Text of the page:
Can a Restaurant Refuse to Serve Anyone at Will?
The reports of this incident indicate that the local police are either ignorant of or grossly indifferent to the relevant law. First, the El Paso Times article quotes a local police officer (without indicating whether he responded to the call), who states that police could have charged the men with "criminal trespass" because:
Every business has the right to refuse service. They have the right to refuse service to whoever they don't want there. That's their prerogative.This comment, however, is grossly misleading. While places of public accommodation can decline to serve or host individuals, they cannot do so in a manner that violates antidiscrimination laws. For example, the restaurant could not have lawfully turned away black, white or Asian-American diners because of race (ask Denny's).
Although federal laws and the laws in most states do not prohibit places of public accommodation from discriminating on the basis of "sexual orientation" or "gender identity," an El Paso civil rights ordinance does. Accordingly, restaurants in the city cannot lawfully discriminate against GLBT customers. Therefore, unless Chico's Tacos bans kissing by all diners -- which is highly unlikely -- then it has discriminated on the basis of sexual orientation and violated the ordinance.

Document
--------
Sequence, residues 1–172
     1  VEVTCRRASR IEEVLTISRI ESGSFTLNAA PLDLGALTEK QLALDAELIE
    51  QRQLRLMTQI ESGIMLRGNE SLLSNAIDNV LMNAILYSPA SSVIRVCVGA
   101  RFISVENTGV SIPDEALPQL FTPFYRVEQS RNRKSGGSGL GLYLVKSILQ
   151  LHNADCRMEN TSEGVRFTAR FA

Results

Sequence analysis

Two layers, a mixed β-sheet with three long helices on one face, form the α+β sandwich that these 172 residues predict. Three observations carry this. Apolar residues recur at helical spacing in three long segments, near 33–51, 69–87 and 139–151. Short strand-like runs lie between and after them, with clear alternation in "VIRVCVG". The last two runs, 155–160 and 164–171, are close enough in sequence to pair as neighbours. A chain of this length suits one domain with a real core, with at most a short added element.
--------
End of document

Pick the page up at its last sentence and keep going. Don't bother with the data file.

The fact that the restaurant ejected all of the gay males -- even the three who did not kiss -- only bolsters the evidence that this incident was purely about discrimination. Also, the guards' alleged use of anti-gay epithets and the police officer's false assertion that homosexual conduct is illegal (see below) prove discriminatory motivation as well.
Does Texas Law Ban Gay and Lesbian Kissing?
Another police distortion surrounds the responding officer's statement that he could arrest the men because Texas law bans "homosexual conduct." Most of reports correctly indicate that in 2003, the Supreme Court invalidated a Texas statute that prohibited homosexual conduct (see Lawrence v. Texas). That law, however, only prohibited oral or anal sex -- not kissing -- between two people of the same sex. Accordingly, the police officer was wrong to threaten the individuals with arrest for two reasons. First, Texas law does not ban same-sex kissing, and six years ago, the Supreme Court invalidated a state law that banned gay and lesbian sex.
Conclusion: Sue the restaurant and the police for clear violations of the law. The end.